Monday, September 19, 2011

An Exchange with Mark

Before I went to bed this past Saturday evening, I checked my email and found the following from Mark.  It was in response to a post titled "On Gay Men and Monogamy...Again," which I published late last week.  The reason why I decided to share this with you should become apparent as you read it.

Dear Rick:

I've been reading your blog posts over the past several months, and I just wanted to send a note of thanks.

I am also in a long-term relationship in which we have been faithful to each other.  At times, it felt like we were the only gay men we knew who wanted a monogamous relationship much less sustained one.  I even remember being teased by some of our gay male friends about not sleeping with other men, as if we were somehow missing out on the "gay lifestyle."  At worst, there were certainly times when I have felt like a minority within a minority.  For me, being faithful to my partner brings a deep respect and dignity to our relationship that wouldn't be there if we weren't monogamous.  It's the reason I wanted to be in a relationship.

I know that many gay couples choose not to be faithful to each other and are happy in those relationships.  It works for them.  I believe we all have the right to define the best relationship for ourselves and must honor that right for other couples.  It may not be how I would choose to live, but it may be for others.  I don't have objections to that.  I do have to say, however, that I'm constantly disappointed by how often gay couples choose not to be monogamous.

Which brings me to how I found your blog.  We are fortunate to live in a state that allows same sex marriage.  After 27 years, we are planning our wedding for next year and are so excited to be finally wed.  But as I'm sure you're aware, marriage equality is a fiercely debated topic currently in the US.  With the presidential election coming next year, the candidates have once again tried to identify the common enemy, the gays, and are promising they will stand up for family values, traditional marriage, Christian values, etc.  Inevitably, the amount of infidelity within gay relationships will be given as a reason once again to show how gay relationships are not the same as straight relationships.  On one particular night, I had listened to more than I could stand and was feeling less excited about our upcoming wedding.  I jokingly did a Google search for committed, gay relationships, not expecting many meaningful hits.  Your blog was one of the search results.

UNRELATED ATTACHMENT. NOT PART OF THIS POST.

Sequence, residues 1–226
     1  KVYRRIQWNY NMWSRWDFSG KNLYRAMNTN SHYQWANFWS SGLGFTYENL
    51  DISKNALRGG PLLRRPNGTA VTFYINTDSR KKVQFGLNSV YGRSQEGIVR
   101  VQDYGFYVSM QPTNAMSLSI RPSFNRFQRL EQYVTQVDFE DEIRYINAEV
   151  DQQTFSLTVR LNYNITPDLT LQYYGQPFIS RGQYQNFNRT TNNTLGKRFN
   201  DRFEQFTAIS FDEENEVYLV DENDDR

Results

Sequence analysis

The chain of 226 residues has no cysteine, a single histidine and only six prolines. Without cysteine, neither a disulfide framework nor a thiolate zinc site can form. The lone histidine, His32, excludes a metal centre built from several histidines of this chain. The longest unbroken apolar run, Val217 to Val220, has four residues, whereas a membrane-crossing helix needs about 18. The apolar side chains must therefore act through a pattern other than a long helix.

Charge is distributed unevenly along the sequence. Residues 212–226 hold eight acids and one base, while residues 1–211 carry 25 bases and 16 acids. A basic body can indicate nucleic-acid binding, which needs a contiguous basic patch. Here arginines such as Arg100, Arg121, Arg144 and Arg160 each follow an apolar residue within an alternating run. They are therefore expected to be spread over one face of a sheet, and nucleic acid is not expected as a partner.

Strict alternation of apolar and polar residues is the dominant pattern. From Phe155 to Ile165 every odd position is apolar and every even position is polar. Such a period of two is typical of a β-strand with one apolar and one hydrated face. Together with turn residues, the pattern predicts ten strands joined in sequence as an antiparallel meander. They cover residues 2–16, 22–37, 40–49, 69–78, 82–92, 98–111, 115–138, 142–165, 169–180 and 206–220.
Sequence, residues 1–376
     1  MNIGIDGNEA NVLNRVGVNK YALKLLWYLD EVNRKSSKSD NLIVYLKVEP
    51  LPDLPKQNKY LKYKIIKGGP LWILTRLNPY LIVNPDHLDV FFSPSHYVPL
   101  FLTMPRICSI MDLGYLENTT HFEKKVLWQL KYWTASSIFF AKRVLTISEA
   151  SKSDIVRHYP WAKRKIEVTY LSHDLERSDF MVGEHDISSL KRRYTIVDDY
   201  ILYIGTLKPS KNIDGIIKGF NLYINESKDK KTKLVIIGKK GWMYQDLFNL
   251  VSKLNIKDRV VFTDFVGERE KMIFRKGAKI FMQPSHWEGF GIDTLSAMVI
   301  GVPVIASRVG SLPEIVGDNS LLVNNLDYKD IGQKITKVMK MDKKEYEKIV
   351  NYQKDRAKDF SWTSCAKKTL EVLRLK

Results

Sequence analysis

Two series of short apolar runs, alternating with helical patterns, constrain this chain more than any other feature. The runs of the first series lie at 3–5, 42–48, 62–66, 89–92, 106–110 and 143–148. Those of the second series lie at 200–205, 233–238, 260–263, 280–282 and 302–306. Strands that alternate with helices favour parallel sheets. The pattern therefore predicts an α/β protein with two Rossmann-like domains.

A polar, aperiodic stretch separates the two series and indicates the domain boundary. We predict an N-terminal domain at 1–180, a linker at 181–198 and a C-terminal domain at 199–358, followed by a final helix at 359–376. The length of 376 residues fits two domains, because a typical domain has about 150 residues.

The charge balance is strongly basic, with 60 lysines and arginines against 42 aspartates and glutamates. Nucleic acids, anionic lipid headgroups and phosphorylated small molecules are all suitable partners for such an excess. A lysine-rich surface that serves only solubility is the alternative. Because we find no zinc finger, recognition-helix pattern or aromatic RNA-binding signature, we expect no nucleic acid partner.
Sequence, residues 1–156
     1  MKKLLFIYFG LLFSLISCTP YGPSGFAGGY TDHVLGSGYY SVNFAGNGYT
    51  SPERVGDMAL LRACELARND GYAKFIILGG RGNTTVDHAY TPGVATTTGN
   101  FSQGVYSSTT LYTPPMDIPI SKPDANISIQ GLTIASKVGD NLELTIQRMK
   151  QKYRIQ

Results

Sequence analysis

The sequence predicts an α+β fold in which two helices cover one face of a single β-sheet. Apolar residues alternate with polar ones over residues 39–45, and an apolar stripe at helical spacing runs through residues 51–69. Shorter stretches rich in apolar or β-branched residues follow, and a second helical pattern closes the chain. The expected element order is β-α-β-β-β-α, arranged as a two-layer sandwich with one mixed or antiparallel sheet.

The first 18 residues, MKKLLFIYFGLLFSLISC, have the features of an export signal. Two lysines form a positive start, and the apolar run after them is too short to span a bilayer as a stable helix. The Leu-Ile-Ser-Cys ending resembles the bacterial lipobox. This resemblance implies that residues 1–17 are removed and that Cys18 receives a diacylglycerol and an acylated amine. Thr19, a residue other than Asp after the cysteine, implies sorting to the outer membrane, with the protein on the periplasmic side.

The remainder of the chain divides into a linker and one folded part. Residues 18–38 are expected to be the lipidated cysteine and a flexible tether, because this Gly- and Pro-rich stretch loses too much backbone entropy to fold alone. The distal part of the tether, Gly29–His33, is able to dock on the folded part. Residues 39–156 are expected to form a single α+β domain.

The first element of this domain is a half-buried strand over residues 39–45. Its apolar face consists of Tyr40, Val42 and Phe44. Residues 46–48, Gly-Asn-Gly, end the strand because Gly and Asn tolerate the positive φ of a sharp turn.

So finally, the thank-you.  Thank you for posting about your views and your relationship.  It is very comforting to me to read a gay man's blog about the value of being in a monogamous relationship.



Here is my response to Mark.

What a thrill to hear from you, and thank you so much for your kind words.  Occasionally, I hesitate publishing some of the posts I write (for example, those on gay men and monogamy), because I think I might be the only one who feels as I do.  But then I decide, what the hell.  You have just one chance to go around in life; my thoughts and opinions are just as valid as anyone's; and, if people don't like what I write, they don't have to read it.  Besides, more often than not, I learn others think the same way I do (maybe not on all points, but on many) and appreciate someone finally speaking up for them. 

If you've read extensively through my blog, you'll know I also don't get the whole thing about the "gay lifestyle."  I just don't get it.  I don't understand what some gay men see in sleeping around and having a lot of sexual experiences with different partners.  What is the thrill in that?  I know what I share with my partner--and I'm not even talking about sex here--is more worthwhile and meaningful than anything these men have hopping from one sexual encounter to another.  I could not have said it more beautifully than you did:  "For me, being faithful to my partner brings a deep respect and dignity to our relationship that I wouldn't achieve if we weren't monogamous."  I feel the same way.  I love knowing what Chris and I share is worthy of other people's respect. 

I've never been like other gay men.  From the time I finally accepted my homosexuality (in my early twenties), my goal was to be in a long-term, committed, and monogamous relationship.  Not for a moment did I want to sleep around in the hope of satisfying my sexual appetite with dozens or hundreds of men.  What's the point in that?  How empty.  How meaningless.  An open relationship with Chris?  Why?  How disrespectful of him would that be?  If you truly love someone, you're not out having sex with other people.  Simple as that.  And how disrespectful of myself, too.  I strongly believe the root of promiscuity is a lack of self-respect and self-love.  If you respect and love yourself, the last thing you do is give it all away to just anyone.  But I know I don't think like a lot of gay men.